Click on this link to find if any of the books in either of the two articles listed above can be found in the Farmingdale Public Library. 

Enjoy the reviews and the books and don't forget to look in the Farmingdale Public Library to get the book!

Regards,
Stu


Wednesday, June 14, 2017

MedlinePlus - Trusted Health Information for You

Hi All,

Medline Plus is a government sponsored health website. Specifically the site is sponsored by the venerable U.S. National Library of Medicine and the NIH (National Institute of Health). 

The site has an amazing wealth of information, but for today's blog entry I'd like to discuss the section of the site that covers drugs, herbs, and supplements.

Users can learn about prescription drugs and OTC (over-the-counter) medicines, including side effects, dosage, special precautions, and more.

Users can browse by generic or brand name. 

Users can browse dietary supplements and herbal remedies to learn about their effectiveness, usual dosage and drug interactions. 

When a user locates a particular drug they want to research - in this case Lipitor - you get the following information:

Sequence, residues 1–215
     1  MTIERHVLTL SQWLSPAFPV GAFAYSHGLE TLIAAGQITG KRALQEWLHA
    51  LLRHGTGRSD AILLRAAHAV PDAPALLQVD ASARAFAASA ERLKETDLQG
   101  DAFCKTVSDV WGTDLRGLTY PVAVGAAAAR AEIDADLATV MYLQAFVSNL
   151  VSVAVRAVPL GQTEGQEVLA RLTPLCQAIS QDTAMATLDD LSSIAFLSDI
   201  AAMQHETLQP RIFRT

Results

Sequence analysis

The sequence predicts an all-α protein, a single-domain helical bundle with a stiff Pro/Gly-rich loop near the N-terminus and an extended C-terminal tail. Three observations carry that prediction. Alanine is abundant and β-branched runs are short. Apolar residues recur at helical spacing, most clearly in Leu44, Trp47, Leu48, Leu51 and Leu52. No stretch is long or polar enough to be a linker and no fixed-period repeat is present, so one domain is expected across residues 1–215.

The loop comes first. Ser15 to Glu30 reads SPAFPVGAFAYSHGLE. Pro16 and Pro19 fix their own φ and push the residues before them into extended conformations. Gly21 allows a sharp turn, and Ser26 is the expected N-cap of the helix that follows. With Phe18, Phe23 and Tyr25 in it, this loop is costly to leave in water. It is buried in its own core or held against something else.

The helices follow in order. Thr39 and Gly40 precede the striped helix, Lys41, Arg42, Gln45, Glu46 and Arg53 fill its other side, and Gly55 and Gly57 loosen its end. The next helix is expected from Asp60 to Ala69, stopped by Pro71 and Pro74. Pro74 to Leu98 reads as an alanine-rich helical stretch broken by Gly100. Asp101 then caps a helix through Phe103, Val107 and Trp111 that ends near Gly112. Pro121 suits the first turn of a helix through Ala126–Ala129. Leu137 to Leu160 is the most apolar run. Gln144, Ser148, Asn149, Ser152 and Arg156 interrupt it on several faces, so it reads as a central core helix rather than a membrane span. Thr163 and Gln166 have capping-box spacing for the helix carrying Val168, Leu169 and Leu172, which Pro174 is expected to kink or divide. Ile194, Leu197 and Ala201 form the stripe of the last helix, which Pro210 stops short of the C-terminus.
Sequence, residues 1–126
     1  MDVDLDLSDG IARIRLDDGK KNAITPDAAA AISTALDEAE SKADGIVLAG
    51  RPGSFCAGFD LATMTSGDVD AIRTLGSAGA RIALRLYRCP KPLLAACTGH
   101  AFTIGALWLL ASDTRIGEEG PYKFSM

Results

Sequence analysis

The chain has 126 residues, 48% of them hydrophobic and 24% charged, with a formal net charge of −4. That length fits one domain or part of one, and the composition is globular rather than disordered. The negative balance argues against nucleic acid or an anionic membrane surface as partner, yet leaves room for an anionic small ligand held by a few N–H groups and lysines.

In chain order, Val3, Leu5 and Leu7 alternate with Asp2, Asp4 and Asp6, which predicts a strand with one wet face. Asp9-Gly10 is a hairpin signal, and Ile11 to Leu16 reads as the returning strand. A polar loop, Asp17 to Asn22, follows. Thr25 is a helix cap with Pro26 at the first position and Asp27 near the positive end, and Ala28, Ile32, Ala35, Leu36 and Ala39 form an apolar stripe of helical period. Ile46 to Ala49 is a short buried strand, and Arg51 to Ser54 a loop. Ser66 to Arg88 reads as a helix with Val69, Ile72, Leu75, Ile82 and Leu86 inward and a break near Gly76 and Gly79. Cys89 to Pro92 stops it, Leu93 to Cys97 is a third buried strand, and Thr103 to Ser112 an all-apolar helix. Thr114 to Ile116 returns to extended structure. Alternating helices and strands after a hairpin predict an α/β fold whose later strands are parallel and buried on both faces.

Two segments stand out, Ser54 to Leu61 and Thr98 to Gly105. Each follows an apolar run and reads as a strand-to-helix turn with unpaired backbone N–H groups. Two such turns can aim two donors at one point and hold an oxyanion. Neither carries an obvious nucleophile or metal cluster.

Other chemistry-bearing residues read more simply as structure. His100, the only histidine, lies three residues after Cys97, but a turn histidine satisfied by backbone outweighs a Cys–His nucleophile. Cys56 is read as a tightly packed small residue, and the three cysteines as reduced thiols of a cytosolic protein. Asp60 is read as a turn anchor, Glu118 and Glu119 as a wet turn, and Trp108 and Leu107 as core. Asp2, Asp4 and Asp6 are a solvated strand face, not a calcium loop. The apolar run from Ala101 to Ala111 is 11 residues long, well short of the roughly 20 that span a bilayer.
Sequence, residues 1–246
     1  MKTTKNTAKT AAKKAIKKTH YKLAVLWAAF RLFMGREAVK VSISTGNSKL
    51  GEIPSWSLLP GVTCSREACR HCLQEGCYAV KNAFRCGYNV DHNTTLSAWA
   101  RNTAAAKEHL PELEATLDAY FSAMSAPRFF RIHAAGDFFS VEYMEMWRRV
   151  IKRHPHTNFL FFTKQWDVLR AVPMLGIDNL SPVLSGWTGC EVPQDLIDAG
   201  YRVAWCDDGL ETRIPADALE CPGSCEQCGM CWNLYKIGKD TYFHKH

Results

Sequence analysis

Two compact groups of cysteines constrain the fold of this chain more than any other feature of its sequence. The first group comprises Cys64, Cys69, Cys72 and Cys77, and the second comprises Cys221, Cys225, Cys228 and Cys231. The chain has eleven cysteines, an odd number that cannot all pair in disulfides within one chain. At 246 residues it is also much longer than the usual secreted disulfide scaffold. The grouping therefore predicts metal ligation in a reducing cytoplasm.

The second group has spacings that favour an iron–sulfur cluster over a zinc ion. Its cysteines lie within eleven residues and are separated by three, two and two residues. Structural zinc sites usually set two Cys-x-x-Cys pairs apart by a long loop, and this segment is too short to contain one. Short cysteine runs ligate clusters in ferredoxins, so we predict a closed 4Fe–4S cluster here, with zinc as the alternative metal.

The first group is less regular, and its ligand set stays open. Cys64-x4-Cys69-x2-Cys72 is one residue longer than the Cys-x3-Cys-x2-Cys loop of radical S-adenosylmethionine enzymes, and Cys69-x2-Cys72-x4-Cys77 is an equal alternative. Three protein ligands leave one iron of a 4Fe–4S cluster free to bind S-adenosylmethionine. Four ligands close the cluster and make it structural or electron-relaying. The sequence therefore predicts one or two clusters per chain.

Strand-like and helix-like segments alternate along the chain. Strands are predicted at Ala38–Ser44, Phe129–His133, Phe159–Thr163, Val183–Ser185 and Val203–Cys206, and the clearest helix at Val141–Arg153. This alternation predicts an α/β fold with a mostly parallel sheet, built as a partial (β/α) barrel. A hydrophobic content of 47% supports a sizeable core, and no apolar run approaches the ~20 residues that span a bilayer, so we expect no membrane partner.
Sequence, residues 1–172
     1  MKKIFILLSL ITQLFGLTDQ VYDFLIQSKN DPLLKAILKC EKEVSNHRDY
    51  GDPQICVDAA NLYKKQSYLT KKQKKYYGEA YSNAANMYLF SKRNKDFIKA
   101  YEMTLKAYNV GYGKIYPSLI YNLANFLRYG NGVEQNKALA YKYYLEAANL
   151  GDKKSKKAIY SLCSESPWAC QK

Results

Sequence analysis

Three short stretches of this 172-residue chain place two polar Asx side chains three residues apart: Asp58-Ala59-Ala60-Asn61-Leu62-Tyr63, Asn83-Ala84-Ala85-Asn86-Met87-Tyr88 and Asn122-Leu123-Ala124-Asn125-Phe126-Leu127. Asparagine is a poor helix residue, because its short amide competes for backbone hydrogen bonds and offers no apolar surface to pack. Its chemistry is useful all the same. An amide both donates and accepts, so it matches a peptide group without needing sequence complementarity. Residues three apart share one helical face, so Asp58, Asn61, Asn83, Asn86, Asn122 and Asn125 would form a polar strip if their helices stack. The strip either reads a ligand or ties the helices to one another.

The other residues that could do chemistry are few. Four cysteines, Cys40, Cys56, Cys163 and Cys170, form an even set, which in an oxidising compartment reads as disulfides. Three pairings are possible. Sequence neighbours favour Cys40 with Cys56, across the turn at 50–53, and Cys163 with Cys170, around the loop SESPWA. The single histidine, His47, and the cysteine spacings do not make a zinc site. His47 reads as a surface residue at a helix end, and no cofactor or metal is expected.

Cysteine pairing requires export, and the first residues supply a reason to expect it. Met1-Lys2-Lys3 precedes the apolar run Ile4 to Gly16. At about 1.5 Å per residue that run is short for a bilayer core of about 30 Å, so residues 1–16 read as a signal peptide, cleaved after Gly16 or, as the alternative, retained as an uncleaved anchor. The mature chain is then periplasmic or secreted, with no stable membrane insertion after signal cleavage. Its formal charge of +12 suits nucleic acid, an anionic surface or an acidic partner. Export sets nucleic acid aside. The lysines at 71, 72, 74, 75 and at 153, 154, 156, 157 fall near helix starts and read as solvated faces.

- Why is this medication prescribed?
- How should this medicine be used?
- Other uses for this medicine
- What special precautions should I follow?
- What special dietary instructions should I follow?
- What should I do if I forget a dose?
- What side effects can this medication cause?
- What should I know about storage and disposal of this medication?
- What do do in case of emergency or overdose?
- What other information should I know about this medication?
- Brand names of the medication
- Brand names of combination products?


At the bottom of the page is a notation of when the particular page was last revised - which is essential information for someone who is trying to learn more about a particular medication!

Enjoy the site and learning about the medication(s) you might be taking!

Regards,
Stu